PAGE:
We would “flip” plants from our Veg Room to our Flower rooms on a weekly basis. With our small staff at the time, moving the plants out of the veg room and into the flower room would take all day. So we would come back the next day to throw up the trellis netting. Sometimes we wouldn’t get to it until later in the week because we had other chores to attend to.
There were times when we had to throw the trellis netting up the following week. The problem there is the plants had already began to stretch, and now we were playing catch up.
We knew this was not ideal, but eventually realized how monumental the differences in outcomes were. There is a reason we are putting this “secret” as number two on the list, because it is that important to maximizing yields.
Summarizing the “secret” to using trellis to maximize indoor yields
If you are not consistent with your practice, this is our advice to get with it now. Here are some very important practices related to effective use of the trellis netting:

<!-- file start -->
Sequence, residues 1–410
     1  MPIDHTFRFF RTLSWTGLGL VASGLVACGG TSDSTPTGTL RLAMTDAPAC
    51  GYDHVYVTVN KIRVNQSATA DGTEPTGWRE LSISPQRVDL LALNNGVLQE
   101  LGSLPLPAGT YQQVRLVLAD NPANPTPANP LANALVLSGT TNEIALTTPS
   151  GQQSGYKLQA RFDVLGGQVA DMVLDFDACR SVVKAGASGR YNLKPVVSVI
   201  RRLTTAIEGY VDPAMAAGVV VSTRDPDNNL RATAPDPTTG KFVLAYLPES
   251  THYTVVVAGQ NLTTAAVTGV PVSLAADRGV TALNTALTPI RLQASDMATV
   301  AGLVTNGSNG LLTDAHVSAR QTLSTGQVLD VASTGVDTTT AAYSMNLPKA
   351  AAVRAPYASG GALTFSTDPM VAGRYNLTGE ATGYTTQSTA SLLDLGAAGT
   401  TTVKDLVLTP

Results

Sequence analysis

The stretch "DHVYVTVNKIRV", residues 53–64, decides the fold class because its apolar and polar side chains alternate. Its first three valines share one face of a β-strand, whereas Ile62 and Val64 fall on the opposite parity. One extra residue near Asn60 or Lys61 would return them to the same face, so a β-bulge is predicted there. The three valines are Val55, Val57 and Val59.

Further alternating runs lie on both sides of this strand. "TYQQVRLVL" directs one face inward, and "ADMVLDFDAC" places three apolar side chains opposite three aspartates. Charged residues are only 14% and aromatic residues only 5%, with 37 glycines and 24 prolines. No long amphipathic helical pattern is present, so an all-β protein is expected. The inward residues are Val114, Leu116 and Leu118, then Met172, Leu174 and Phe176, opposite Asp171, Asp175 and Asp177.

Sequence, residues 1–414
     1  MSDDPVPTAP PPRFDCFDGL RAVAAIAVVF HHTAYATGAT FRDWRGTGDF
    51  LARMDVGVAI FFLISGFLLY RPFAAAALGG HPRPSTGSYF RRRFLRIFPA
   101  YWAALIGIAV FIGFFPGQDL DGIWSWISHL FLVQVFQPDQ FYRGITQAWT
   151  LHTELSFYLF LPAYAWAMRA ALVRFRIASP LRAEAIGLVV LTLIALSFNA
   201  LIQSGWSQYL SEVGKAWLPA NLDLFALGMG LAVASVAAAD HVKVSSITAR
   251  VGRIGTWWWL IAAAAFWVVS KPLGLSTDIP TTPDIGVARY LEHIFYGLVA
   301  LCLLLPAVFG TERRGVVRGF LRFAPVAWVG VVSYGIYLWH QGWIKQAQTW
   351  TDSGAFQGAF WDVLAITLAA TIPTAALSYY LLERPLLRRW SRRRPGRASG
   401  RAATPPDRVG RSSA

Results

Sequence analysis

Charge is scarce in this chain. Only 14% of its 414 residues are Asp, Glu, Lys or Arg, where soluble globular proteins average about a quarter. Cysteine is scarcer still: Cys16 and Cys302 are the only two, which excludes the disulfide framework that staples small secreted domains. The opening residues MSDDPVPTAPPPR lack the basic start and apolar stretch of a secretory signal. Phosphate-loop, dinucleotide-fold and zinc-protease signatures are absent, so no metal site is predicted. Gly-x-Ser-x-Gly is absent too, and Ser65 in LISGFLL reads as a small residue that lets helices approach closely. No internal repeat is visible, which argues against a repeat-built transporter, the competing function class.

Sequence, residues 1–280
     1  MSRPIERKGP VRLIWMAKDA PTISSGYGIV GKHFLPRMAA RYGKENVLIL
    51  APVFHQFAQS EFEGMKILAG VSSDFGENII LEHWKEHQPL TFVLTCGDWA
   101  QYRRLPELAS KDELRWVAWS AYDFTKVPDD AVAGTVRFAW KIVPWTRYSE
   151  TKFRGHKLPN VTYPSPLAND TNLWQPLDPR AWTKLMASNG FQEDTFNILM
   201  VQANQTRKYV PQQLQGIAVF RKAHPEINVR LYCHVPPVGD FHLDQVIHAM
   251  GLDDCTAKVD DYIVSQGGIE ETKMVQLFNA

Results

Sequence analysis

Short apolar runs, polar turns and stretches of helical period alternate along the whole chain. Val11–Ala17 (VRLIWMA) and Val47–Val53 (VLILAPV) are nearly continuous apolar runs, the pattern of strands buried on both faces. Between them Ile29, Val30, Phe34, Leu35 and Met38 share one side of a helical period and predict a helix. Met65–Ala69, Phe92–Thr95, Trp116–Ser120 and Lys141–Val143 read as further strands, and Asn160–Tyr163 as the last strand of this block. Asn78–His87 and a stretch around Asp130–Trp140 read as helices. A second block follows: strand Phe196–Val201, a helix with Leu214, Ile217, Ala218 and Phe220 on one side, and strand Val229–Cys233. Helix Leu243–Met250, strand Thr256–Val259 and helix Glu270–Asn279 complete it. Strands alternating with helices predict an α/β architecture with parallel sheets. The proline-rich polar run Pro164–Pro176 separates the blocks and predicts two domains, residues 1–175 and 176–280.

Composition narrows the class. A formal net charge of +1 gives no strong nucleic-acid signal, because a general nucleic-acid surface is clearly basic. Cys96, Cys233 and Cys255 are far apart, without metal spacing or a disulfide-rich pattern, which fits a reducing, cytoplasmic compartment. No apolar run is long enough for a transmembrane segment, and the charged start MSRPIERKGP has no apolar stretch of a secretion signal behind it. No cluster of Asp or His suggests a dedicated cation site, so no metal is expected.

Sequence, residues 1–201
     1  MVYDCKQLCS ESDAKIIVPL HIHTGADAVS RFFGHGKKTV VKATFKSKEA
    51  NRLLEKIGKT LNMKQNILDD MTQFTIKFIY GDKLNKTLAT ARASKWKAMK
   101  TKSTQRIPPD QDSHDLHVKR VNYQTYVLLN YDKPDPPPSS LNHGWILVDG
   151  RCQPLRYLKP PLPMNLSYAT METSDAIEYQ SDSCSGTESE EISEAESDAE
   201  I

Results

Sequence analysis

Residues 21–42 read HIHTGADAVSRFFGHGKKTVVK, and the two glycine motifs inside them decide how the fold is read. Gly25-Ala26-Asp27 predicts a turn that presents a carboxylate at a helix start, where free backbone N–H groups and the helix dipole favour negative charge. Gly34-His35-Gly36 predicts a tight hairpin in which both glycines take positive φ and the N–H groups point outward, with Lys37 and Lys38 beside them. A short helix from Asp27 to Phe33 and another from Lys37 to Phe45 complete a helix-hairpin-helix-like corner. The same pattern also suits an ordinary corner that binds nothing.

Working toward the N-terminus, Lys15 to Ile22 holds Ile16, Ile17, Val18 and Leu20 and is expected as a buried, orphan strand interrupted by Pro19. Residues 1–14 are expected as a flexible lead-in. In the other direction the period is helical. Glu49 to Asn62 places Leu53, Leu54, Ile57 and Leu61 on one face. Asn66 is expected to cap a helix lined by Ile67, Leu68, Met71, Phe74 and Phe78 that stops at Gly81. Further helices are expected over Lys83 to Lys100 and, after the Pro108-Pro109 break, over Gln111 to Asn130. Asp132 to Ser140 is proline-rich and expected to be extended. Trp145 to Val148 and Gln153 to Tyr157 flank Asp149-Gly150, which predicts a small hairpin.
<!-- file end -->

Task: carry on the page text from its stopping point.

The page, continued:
- You must top your plants during veg
- You should defoliate your plants in veg before flipping
- You should hang your trellis netting before flipping your light cycle
- If you are changing rooms, go into your flower room and put up your trellis before you bring in the plants
- If you are flowering in the same space, put up your netting before switching the light cycle
- You must weave the branches through the trellis during the first three weeks of the flowering cycle
In addition to this list, there are a couple other related areas, which we will get to below. They are defoliation and PPFD or light density. Both will be addressed below.
Secret #3: Maximizing your PPFD
PPFD refers to “Photosynthetic photon flux density” and is basically a scientific measure of how much light you are giving to a certain area.
You can measure the PPFD of your own garden by holding a PAR meter directly over your canopy. This tool will give you a PPFD reading.
You want to be around 1,000 or more. But you also want to have an even amount across your canopy. There will be areas with peak readings, and then there will be areas with very low readings.